• Baybay

Independent component city

  • Ormoc



Population census of Leyte
1990.3315 1,230,925 —    
1995.6685 1,343,941 1.77%
2000.3333 1,413,697 1.02%
2007.5836 1,506,096 0.91%
2010.3315 1,567,984 1.35%
Excluding Tacloban City
Source: National Statistics Office[3]

The people of Leyte are divided into two main groups, primarily by language. In the west and south are the Cebuanos, while in the north and east is the Waray-Waray (Leyte dialect).

There are also some Spanish mestizos and some natives of the province who can understand and speak Spanish due to the province's colonial history.

According to the Year 2000 census, 97% of Leyte's population is Roman Catholics, one of the highest percentage in the Visayas. While the remaining 3% are either adherents of other different Christian sects such as the indigenous Baptists, Evangelicals, Mennonites, and Mormons, Christian.

Official Provincial Seal

Leyte Provincial Capitol - briefly became the seat of Philippine Commonwealth Government during the World War II era

The Official Seal of the Province of Leyte.

The upper portion is a perspective of the national Freedom Park commemorating the landing of General Douglas MacArthur and the American Liberation Forces in Leyte during World War II. The white cross represents the 2nd phase of Leyte's development when Magellan stopped here on his way to Cebu. The alphabet on the cross argent is the ancient Visayan paleographic syllabary of the letter L which stands for Leyte. The stars around the inner circle symbolize the forty-one (41) towns of Leyte and the everlasting flame symbolizes the soldiers who died during World War II.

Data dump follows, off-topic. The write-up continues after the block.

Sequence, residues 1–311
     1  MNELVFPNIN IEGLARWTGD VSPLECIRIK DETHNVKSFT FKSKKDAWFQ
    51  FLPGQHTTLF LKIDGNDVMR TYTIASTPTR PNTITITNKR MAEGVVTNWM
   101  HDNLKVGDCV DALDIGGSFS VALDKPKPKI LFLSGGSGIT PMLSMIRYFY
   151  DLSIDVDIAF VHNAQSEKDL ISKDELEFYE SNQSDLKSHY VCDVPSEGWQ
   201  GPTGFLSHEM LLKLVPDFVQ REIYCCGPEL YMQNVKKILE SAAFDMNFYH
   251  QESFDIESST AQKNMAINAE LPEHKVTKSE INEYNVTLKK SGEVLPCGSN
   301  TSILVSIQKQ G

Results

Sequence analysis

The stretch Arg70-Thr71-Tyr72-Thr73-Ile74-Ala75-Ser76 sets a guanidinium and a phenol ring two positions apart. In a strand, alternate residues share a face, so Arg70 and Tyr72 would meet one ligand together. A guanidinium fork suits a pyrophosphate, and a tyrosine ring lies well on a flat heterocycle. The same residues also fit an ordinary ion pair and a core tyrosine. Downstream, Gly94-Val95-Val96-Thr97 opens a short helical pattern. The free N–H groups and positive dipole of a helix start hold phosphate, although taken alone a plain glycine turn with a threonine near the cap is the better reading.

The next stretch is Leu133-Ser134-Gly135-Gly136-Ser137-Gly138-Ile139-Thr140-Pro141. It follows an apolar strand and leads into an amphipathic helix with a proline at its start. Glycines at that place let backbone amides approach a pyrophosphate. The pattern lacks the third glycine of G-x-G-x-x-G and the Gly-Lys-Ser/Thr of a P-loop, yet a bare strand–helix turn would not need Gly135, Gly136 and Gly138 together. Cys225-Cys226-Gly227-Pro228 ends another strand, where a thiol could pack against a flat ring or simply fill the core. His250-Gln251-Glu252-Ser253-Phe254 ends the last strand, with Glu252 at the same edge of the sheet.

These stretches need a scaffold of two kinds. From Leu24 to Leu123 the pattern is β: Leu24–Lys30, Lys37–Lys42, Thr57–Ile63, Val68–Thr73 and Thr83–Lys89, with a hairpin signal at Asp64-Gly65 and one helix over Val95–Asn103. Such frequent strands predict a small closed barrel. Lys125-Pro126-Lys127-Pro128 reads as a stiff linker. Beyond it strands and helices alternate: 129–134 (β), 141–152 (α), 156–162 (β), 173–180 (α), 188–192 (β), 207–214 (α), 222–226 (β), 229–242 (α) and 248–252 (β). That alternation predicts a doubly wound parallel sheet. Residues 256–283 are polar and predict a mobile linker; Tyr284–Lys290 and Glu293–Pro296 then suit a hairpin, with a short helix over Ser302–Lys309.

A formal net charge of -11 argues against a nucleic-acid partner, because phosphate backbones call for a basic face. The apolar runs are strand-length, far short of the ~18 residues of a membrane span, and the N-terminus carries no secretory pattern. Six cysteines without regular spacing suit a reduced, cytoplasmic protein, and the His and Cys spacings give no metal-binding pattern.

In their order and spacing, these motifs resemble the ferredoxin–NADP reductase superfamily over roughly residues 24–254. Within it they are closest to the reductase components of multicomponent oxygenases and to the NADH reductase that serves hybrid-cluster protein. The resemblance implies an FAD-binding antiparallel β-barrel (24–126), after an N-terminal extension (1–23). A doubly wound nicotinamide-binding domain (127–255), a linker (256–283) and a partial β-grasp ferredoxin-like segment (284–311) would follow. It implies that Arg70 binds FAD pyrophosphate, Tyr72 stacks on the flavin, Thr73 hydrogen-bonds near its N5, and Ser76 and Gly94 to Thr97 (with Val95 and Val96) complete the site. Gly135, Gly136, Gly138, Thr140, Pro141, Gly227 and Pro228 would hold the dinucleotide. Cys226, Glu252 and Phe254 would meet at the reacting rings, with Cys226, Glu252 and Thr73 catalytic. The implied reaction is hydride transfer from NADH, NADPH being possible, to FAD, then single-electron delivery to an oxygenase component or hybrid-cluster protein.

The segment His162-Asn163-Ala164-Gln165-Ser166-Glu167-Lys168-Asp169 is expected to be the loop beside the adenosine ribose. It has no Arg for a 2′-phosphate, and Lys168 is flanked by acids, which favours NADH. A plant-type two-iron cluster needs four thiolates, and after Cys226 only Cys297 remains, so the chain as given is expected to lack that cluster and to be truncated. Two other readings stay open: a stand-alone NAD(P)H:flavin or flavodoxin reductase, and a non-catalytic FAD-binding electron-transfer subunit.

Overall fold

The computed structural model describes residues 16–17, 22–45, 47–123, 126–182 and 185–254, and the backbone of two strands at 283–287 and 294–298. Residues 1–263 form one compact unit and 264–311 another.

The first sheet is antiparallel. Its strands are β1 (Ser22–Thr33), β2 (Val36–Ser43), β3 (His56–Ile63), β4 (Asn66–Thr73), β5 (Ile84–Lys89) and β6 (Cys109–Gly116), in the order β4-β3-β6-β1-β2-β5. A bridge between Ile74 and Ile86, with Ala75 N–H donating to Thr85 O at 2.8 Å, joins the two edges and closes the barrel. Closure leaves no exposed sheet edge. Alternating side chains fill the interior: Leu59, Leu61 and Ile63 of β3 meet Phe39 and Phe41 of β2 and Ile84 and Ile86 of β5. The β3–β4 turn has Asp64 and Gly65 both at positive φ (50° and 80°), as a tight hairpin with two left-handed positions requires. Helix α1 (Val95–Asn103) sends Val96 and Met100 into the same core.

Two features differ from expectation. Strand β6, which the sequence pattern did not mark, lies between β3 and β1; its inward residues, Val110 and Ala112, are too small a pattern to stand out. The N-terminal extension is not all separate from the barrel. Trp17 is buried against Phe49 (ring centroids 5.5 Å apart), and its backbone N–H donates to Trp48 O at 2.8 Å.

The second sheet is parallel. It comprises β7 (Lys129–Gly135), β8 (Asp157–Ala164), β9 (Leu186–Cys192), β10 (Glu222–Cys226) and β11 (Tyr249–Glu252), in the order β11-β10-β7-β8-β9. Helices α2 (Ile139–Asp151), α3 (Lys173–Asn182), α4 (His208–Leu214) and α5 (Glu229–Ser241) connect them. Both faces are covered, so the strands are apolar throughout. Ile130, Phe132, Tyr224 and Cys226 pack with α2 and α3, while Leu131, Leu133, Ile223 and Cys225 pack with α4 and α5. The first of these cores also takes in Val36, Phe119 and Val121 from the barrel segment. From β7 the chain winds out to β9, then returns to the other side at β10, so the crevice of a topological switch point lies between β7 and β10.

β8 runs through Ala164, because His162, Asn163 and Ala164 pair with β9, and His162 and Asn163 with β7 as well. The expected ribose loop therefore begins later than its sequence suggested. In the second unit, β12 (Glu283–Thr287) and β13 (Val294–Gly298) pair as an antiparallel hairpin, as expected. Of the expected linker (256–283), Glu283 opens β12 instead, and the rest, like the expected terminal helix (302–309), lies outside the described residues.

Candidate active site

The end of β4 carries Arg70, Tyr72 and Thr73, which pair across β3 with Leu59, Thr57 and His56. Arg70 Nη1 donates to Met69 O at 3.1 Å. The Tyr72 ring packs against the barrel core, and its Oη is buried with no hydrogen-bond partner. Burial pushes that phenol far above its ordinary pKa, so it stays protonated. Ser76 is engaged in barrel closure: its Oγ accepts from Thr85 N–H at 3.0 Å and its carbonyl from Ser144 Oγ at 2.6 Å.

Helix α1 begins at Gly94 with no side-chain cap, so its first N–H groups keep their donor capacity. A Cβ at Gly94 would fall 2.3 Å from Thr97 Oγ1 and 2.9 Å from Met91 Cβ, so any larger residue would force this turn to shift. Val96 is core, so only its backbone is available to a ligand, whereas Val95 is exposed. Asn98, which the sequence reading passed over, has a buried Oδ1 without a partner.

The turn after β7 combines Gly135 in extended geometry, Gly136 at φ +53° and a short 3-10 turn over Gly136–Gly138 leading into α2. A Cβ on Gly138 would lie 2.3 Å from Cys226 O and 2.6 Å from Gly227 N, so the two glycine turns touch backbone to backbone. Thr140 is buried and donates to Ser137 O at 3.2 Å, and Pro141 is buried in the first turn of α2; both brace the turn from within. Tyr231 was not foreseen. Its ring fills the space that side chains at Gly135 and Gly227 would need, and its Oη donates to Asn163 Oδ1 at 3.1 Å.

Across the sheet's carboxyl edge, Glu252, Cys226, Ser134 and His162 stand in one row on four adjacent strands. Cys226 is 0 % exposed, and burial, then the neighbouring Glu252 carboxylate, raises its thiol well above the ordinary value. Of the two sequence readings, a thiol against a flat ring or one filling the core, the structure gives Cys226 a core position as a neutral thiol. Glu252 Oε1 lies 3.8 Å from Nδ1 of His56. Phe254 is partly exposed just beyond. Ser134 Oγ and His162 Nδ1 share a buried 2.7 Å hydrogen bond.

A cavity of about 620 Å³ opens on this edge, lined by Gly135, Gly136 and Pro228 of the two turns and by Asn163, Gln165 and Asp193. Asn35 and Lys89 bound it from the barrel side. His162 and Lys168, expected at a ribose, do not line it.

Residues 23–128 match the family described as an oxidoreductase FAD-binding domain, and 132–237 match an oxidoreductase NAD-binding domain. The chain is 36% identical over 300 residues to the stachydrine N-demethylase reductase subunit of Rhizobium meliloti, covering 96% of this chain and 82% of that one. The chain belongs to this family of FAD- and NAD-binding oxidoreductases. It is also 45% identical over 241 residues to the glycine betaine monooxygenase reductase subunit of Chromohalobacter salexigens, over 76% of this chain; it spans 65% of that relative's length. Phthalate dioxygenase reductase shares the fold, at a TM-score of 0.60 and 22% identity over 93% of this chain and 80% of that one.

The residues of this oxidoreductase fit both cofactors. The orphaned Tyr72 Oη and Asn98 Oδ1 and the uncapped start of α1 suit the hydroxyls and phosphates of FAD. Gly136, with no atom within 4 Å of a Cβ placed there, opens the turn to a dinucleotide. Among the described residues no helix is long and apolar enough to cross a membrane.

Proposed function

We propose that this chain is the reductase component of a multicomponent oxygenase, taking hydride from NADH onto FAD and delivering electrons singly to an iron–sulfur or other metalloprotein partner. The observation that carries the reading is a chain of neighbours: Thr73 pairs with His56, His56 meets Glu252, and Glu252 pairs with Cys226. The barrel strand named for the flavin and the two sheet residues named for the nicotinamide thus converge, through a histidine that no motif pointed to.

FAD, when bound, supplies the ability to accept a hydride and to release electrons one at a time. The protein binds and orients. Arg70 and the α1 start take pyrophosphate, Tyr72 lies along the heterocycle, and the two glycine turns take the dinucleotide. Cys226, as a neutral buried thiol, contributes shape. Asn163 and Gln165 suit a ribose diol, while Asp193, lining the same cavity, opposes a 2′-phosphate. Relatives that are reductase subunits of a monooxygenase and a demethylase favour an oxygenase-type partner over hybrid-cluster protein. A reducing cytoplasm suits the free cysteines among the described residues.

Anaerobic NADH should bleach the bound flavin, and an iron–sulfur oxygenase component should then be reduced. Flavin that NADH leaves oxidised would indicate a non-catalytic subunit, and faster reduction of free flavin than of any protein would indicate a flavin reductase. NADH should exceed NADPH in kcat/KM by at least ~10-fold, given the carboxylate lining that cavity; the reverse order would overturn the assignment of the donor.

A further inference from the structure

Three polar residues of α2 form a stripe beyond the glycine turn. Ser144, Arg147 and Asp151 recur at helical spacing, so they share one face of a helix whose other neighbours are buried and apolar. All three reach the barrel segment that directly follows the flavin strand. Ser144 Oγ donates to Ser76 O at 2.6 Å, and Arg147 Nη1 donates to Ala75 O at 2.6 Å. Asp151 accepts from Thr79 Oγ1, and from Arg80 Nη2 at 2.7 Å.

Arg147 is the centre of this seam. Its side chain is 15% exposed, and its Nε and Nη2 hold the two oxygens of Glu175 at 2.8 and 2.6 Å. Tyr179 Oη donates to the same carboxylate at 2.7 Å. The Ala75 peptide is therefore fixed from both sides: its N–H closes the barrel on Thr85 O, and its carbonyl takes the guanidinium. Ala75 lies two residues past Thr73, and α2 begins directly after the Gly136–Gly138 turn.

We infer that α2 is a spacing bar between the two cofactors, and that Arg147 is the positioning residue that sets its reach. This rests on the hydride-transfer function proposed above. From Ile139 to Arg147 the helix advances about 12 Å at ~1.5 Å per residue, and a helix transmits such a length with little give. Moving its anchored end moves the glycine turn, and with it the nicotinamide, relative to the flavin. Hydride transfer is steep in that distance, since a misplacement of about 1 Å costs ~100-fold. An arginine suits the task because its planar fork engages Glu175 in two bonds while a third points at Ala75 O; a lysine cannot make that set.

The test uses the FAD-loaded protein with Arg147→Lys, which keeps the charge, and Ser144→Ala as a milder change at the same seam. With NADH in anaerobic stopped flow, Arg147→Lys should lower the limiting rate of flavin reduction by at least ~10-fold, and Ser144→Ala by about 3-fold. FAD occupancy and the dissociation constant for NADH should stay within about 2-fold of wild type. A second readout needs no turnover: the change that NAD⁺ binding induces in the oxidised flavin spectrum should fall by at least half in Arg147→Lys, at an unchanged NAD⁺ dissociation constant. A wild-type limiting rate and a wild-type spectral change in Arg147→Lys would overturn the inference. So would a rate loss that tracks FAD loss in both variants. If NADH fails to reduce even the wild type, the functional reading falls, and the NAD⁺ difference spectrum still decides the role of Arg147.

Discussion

The economy of Leyte is a mixed agriculture, fishing, industrial, energy and mining. Rice is farmed in the lowland plains areas specifically those around Tacloban, while coconut farming, is the main cash crop in upland and mountainous areas. Sugarcane plantation is no. 1 produce in Ormoc City. Since Leyte is an island province, fishing is a major source of livelihood among coastal residents.

The province is the site of the largest geothermal plant in Asia, making it one of the resource-rich provinces of the Philippines. Excess energy of the numerous powerplants in the geothermal valley that generate electricity is supplied to the national grid that adds to the energy demand in Luzon and Mindanao. Mining industry have started to pick up in the province with the exploration in MacArthur. The iron smelting in Isabel have been operational for more than 20 years since its inception.

Leyte ICT Park

The Leyte Information Communications Technology (ICT) Park is one of the economic zones approved by the Philippine Economic Zone Authority (PEZA).[5] Located at Pawing, Palo, Leyte, the 6.8 facility hosts two (2) business process outsourcing (BPO) companies, namely, the Expert Global Solutions (EGS) Company (formerly APAC Customer Services, Inc.) and ACUDATA, Inc. (a financial and data services BPO).

Leyte is emerging[according to whom?] to be an ICT-BPO Hub for Eastern Visayas.


Leyte is connected by air, with only one commercial airport located in Tacloban City. Daniel Z. Romualdez Airport, which is one of the busiest aiports in the Philippines, has two major airlines; Philippine Airlines and Cebu Pacific. Tacloban's airport primarily serves connecting flights from major Philippine cities (Manila and Cebu).

Philtranco, which has a bus stop in Tacloban and Ormoc, operates a route along Manila-Maharlika highway, passing through Allen, Northern Samar in Samar Island (via ferry boat) from Matnog, Sorsogon in Bicol region.

Commercial seaport is of vital importance. Major ports of the province are located at Ormoc City,in the south and Tacloban City, in the north. Small ports are also located in Palompon, Hilongos and Baybay City.

See also

  • Manuel Artigas
  • Juan Ponce Sumuroy


External links